Jurassic Park was originally a novel by author Michael Crichton. Before the novel was even published in 1990, Steven Spielberg purchased the film rights for $1.5 million. Michael Crichton was then paid $500,000 to write the screenplay. Not too bad for a little book about extinct creatures come back to life. The story was about John Hammond (Richard Attenborough, 10 Rillington Place, Séance on a Wet Afternoon) and his bioengineering company InGen creating Jurassic Park, an amusement park full of dinosaurs located on the tropical island of Isla Nublar. After a worker is killed, the investors demand that the park be certified safe by experts.

JP 2The experts were paleontologist Dr. Alan Grant (Sam Neill, Omen III: The Final Conflict) and Dr. Ellie Sattler (Laura Dern, Grizzly II: The Predator), along with mathematician and chaos theorist Dr. Ian Malcolm (Jeff Goldblum, Independence Day, The Fly). Along with John Hammond’s grandchildren Lex and Tim (Ariana Richards and Joseph Mazzello) and the stereotypical greedy lawyer, they take the trip down the rabbit hole and tour the park. But they soon find themselves at the mercy of Mother Nature in more ways than one. With a raging storm hitting the island, a computer genius (Wayne Arnold, Seinfeld) planning to steal embryos for another company and a Tyrannosaurus Rex on the loose, the ride offers anything but amusement.

At the time, the movie was a huge hit. Courtesy of a $65 million marketing campaign with 100 companies, Jurassic Park made more than $900 million worldwide in its initial release. Thanks to a re-release in 2011 and a 3D upgrade in 2013, it has now made more than $1 billion. With the perfect recipe for success featuring a solid script, a stellar cast, amazing special effects, the music of master John Williams and the guidance of Steven Spielberg, it was an instant classic. But how does it hold up 22 years later? For me, it was still a cinematic experience. From the beautiful imagery to the melodic sounds of John Williams, it is what movie theaters were made for. Full of excitement and adventure that is held together by actors who can act and a script that is more than just explosions. Many of today’s modern day filmmakers could take a lesson or two from Jurassic Park.JP 3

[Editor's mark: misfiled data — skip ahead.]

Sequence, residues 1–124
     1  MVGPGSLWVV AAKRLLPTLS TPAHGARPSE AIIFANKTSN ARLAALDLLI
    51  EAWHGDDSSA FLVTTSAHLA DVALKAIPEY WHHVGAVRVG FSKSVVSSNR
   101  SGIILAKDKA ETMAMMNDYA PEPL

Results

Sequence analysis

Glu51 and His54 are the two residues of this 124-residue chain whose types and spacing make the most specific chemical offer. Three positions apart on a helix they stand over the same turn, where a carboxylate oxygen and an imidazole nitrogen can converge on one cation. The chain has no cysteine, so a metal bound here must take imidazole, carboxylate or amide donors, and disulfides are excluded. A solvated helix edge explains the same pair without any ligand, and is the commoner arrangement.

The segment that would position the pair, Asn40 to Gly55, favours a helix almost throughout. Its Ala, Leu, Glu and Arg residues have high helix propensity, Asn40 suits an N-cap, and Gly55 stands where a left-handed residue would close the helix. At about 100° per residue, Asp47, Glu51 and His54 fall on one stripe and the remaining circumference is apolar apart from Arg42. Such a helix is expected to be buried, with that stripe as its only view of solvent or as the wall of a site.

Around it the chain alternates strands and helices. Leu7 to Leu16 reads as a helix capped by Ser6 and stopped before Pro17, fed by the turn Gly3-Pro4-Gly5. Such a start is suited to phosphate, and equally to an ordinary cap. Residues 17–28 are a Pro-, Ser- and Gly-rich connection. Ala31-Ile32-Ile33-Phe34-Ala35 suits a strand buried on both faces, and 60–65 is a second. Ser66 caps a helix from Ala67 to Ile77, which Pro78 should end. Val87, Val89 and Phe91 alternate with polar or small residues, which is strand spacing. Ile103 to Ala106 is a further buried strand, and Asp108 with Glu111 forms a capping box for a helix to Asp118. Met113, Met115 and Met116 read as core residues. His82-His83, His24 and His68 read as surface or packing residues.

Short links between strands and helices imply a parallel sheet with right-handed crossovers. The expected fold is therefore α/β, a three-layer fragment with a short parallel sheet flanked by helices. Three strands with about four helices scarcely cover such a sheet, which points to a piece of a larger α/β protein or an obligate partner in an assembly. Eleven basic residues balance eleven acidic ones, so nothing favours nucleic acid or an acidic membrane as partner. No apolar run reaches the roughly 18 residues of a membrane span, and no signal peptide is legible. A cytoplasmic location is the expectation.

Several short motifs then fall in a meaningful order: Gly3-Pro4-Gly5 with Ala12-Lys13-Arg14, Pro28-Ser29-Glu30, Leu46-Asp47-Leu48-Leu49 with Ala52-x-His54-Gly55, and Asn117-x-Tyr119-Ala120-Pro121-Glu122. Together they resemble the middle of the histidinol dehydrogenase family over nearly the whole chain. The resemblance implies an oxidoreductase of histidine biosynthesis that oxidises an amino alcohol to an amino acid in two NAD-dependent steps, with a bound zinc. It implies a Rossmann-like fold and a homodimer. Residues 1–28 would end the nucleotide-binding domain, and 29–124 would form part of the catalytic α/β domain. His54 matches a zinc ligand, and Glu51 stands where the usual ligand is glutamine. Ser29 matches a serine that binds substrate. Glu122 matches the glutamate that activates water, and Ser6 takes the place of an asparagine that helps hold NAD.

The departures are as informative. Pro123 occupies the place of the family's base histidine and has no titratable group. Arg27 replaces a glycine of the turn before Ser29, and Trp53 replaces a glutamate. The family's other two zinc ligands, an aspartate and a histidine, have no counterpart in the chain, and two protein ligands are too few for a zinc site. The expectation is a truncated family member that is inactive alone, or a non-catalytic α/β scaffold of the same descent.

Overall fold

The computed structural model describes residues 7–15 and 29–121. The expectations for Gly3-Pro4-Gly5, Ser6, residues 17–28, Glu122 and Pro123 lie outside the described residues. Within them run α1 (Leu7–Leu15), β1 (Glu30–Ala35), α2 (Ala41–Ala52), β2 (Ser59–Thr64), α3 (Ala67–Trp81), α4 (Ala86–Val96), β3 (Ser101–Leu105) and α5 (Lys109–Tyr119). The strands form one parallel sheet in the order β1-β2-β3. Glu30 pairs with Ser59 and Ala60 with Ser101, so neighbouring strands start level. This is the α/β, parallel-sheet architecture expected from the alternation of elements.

I’m sure everyone has seen Jurassic Park but in the event if you haven’t or, if you’re like me, and you haven’t revisited it recently, do yourself a favor and rewatch it today. It hasn’t lost any of its appeal and is just as engaging in 2015 as it was 22 years ago. And besides, it has Samuel L. Jackson in it, the man who is in everything today. ‘Nuff said right there.

Next time, we journey back to 1997s The Lost World: Jurassic Park. How does the original sequel stand up to the test of time?

Sir Christopher Lee Has Died at the Age of 93


“I’ve always acknowledged my debt to Hammer. I’ve always said I’m very grateful to them. They gave me this great opportunity, made me a well-known face all over the world for which I am profoundly grateful.”

– Sir Christopher Lee (1922 – 2015)